War of the Banana: Another Proposal, Another Rejection

The proposal from the EU is similar to the one presented in 2008 in the OMC, extending to 10 years the time period for the reduction of the tariff from 176 to 95 euros per ton.

Monday, February 23, 2009

The Central American countries insist that the European Union should improve its proposal on the issue of the banana just as much as on the issue of sugar.

La Prensa Grafica publishes in its website: "The proposal of the European Union to settle the lawsuit maintains the objective of lowering the tariff by 62 euros per ton, which was agreed upon in 2008, but instead of reaching it in a step-by-step manner from here to 2016, it is postponed to obtain it gradually in 2019, thus, expanding the time period of tax exemption."

More on this topic

European Union resisting pressure to recognized banana agreement

September 2008

Yesterday the EU the maintained its position of not recognizing the banana agreement to reduce tariffs that was reached on July 27.

Costa Rica did not achieve its objective of making the EU honor the agreement reached in the early morning hours of July 27 in Geneva, Switzerland, in the backdrop of the commercial negotiations of the World Trade Organization (WTO).

European banana agreement dies with Doha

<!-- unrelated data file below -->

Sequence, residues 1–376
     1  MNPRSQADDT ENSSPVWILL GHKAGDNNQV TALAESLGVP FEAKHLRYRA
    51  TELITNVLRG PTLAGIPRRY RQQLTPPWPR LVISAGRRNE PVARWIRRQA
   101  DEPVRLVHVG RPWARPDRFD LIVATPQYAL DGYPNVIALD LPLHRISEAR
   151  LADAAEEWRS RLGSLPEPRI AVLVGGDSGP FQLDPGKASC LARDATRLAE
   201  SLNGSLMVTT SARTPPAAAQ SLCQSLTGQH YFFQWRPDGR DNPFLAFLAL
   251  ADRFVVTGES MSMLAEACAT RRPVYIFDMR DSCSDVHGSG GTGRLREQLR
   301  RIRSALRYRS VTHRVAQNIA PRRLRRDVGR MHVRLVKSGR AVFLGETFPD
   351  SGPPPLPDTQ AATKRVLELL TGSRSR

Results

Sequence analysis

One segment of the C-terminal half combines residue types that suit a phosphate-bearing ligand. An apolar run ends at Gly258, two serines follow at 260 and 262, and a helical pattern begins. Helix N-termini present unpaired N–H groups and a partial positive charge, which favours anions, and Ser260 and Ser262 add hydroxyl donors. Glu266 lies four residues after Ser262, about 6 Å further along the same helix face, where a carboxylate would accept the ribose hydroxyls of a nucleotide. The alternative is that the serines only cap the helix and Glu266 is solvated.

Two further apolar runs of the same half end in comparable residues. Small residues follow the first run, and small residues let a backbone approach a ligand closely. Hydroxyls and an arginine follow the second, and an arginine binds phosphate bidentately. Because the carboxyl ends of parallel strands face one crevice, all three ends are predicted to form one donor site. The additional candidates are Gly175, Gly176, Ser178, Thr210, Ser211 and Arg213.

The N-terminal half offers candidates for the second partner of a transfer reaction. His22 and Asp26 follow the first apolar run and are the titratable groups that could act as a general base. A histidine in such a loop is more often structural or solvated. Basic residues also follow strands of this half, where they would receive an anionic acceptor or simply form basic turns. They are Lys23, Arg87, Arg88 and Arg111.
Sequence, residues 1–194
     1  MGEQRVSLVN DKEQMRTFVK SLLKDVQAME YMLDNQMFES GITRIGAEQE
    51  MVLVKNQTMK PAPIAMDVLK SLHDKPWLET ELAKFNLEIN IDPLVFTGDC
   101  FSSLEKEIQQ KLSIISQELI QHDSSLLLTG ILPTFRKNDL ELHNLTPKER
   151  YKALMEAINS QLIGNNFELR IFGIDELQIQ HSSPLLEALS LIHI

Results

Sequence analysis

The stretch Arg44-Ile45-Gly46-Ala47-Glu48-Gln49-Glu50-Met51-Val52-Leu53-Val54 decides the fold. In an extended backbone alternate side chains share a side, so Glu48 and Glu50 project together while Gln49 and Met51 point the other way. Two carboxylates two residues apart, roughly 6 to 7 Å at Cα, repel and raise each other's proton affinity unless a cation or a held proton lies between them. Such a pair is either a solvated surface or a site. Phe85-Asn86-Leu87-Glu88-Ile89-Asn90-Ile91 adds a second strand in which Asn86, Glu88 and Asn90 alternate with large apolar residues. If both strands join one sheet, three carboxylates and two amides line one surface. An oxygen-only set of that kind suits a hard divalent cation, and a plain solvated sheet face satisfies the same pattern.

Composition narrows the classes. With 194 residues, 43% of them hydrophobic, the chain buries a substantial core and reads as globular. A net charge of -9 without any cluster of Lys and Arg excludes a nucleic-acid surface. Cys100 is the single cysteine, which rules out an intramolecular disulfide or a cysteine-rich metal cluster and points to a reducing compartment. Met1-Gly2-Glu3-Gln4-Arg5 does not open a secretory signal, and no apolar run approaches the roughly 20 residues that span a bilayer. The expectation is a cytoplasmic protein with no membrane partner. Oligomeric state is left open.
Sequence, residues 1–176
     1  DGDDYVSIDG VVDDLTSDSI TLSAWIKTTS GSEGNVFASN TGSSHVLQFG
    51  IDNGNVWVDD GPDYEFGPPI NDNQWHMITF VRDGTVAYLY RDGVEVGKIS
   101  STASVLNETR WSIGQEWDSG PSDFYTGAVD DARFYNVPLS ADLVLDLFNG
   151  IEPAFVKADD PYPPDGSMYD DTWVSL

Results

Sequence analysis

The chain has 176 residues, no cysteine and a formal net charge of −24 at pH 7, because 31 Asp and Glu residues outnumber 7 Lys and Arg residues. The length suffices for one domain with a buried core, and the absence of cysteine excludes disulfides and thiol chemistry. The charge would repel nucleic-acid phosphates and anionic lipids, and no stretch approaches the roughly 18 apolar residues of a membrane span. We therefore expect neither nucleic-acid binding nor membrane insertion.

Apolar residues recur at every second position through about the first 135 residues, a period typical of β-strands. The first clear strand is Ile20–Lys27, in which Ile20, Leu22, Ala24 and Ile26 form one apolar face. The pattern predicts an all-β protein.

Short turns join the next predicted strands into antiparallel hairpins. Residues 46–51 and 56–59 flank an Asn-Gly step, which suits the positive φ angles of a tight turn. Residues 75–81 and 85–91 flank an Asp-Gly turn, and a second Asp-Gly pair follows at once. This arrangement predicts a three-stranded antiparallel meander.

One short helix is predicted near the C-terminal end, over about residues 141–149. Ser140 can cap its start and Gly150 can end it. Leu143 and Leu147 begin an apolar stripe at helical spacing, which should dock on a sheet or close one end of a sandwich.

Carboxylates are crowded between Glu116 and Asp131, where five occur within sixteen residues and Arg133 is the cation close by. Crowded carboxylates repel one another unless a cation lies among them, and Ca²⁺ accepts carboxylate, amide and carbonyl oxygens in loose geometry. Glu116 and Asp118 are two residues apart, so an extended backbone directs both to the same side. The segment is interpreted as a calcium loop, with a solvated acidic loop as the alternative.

July 2008

"The banana agreement isn't going anywhere," said an official after the collapse of talks at the World Trade Organization (WTO) aimed at reviving the Doha Round.

Several officials confirmed that an agreement between the European Union and Latin American countries that export bananas that raised hopes for lower tariffs for their product expired with the collapse of WTO talks.

EU and Latin Americans agree on banana tariffs

July 2008

Europe could soon reduce its tariff on bananas by 28 euros per ton. Under an agreement signed last weekend, its import duties would fall to 114 euros per ton from the current 176 euros by 2016.

The agreement calls for an initial reduction of 28 euros.
Under the present system, Europe has a preferential agreement for former colonies of its member nations, but its complex tariff-quota system has come under fire by the World Trade Organization.

WTO faces moment of truth

July 2008

Tensions rose at the ministerial meeting yesterday of the World Trade Organization (WTO), and the next few hours are expected to be decisive as to whether the Doha Round of trade talks will survive.

Ministers arrived in Geneva four days ago in response to a summons from the general director of the WTO, Pascal Lamy, who admits that the process is at a delicate phase. He said the next 24 hours will be decisive.

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